Real estate agent Leslie Battle has a candid message for sellers wondering if they missed the Toronto market peak.
“Yes you can. I’m sorry, but you did. There’s just no other way to say this.
Heading into a torpid July, the Royal LePage Real Estate Services agent feels like the entire industry is pulling in for a breather.
Ms. Battle does much of her business in the luxury pockets of west Toronto and Etobicoke, where low inventory has kept prices steady but the foam has dissipated.
Three weeks into May, owners were still clinging to the desired price. By the third week of June, they began to grasp the veracity of the downturn.
“Their heads are spinning,” she said.
She adds that agents need to have candid discussions with sellers about current prices.
“Psychologically, they have to be brave enough to tell them ‘this is the price right now’.” It’s the best we can do,” she said.
Ms. Battle no longer sets an ask price below market value with an offer date. These days, she chooses a price slightly above her current market value estimate.
“We no longer see five to six offers on homes in any price range.”
Ms Battle recently sold a three-bedroom house at 31 Lorraine Gardens in Etobicoke for $5.2million after listing it for an asking price of $5.3million. The property with a back pool sold out in about a week, she said.
“The madness is gone. We all knew it wasn’t viable. Don’t bet on madness for a very, very, very long time.
— Realtor Leslie Battle
“Your days in the market are going to be longer for sure,” she warns sellers. “We’re going to go with an offer and negotiate like hell.”
As for affluent buyers in enclaves such as Kingsway and Baby Point, they aren’t being shaken by one- or two-point interest rate hikes, she says. But they are very price sensitive and very sophisticated, she says.
“They are looking for their dream home. »
Languishing properties in the area were overpriced, she adds.
Ms. Battle says some people considering a sale are on pause, but one of the challenges they face in deciding whether to list now or wait is that the market outlook after Labor Day is so unpredictable.
His best guess is that sales will stabilize and prices will stabilize.
She advises sellers not to expect a return to the madness of early 2022.
“The madness is gone. We all knew it wasn’t viable,” she says. “Don’t bet on madness for a very, very, very long time.”
The market downturn comes as consumer confidence weakens and interest rates rise.
The Bank of Canada’s latest survey of consumer expectations shows that people are increasingly worried about the cost of living. Many on Bay Street believe the quarterly survey results will increase pressure on the Bank of Canada to raise its key interest rate by 75 basis points when policymakers meet in mid-July.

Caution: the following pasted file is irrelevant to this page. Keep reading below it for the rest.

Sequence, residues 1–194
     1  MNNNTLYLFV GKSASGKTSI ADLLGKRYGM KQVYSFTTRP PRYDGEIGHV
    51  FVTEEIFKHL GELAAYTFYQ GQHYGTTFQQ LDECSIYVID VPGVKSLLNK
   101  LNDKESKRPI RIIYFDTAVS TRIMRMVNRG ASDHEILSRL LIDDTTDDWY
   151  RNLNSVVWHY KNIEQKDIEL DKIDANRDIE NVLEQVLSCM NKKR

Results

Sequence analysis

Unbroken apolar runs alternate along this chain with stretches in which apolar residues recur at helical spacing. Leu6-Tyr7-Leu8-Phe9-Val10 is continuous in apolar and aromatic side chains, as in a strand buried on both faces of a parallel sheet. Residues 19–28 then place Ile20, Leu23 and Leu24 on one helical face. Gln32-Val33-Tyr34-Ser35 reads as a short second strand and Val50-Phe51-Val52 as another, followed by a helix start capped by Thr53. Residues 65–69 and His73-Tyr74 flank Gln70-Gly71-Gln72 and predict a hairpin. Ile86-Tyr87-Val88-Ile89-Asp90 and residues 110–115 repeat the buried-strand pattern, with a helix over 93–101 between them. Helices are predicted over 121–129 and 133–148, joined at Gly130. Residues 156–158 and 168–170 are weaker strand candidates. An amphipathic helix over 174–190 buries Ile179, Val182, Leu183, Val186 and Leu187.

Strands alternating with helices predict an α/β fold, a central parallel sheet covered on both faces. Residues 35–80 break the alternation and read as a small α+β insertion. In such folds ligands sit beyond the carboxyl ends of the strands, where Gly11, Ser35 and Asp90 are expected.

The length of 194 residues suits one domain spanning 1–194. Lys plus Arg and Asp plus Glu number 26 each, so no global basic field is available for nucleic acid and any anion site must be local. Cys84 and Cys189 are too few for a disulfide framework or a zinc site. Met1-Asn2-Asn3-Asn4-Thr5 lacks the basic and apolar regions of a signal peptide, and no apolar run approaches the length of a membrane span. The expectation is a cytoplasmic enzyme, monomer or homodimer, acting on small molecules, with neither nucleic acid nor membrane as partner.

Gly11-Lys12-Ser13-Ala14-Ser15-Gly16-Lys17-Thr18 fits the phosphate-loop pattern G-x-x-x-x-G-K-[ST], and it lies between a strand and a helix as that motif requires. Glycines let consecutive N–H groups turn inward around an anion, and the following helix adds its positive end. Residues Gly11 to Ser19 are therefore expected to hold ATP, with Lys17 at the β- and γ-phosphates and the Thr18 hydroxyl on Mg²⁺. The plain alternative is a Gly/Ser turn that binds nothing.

Short-term consumer inflation expectations hit a record high in the second quarter, notes Priscilla Thiagamoorthy, an economist at Bank of Montreal. Respondents indicated that they expect prices a year from now to be 6.8% higher year over year.
Consumer expectations for long-term inflation have also increased.
Leslie Preston, senior economist at the Toronto-Dominion Bank, says the Canadian economy has outperformed its advanced-economy counterparts so far this year, but the survey suggests consumer spending in real terms is likely to slow over the coming months because wages cannot keep up with inflation and households are already forced to save.
Elli Davis, a real estate agent at Sotheby’s International Realty Canada, gets calls from serious sellers and others who are just testing the waters.
People who say, “I’m going to see if I can get $4 million for my house – if I can’t, I’m not selling,” aren’t ready, she says.
She says deals can still close quickly if landlords are realistic.
In June, Ms. Davis sold a three-bedroom unit in Granite Place in downtown Toronto to buyers who were downsizing from a larger home. Unit 1505 was listed with an asking price of $3.75 million. The 2,385 square foot unit sold for $3.725 million in seven days, she says.
Some sellers resign themselves to the fact that bidding frenzies are rare these days. She recently heard of a condo owner who put his unit on the market on and off for over a year with different agents. He expressed frustration with the lengthy process, but Ms Davis says she will recommend that he find someone else if he doesn’t take her advice.
Ms. Davis says salespeople with unrealistic expectations waste agents’ time and resources.
“It’s clearly too expensive,” she says. “I’m not going to take it too expensive.”
As for the mindset of buyers, Ms. Davis sees more caution these days. Many people also take a break for summer vacation and time at the cottage.
She expects a calm month of July, but there are always people who need to move, she underlines.
Current concern over interest rate hikes is overblown, she adds, pointing to a time when mortgage rates were 14-16%.
Still, she doesn’t believe buyers who plan to stay in their homes long-term have any reason to panic.
“It’s a correction, but it’s not drastic at this point,” says Davis. “Maybe it’s not radical.”
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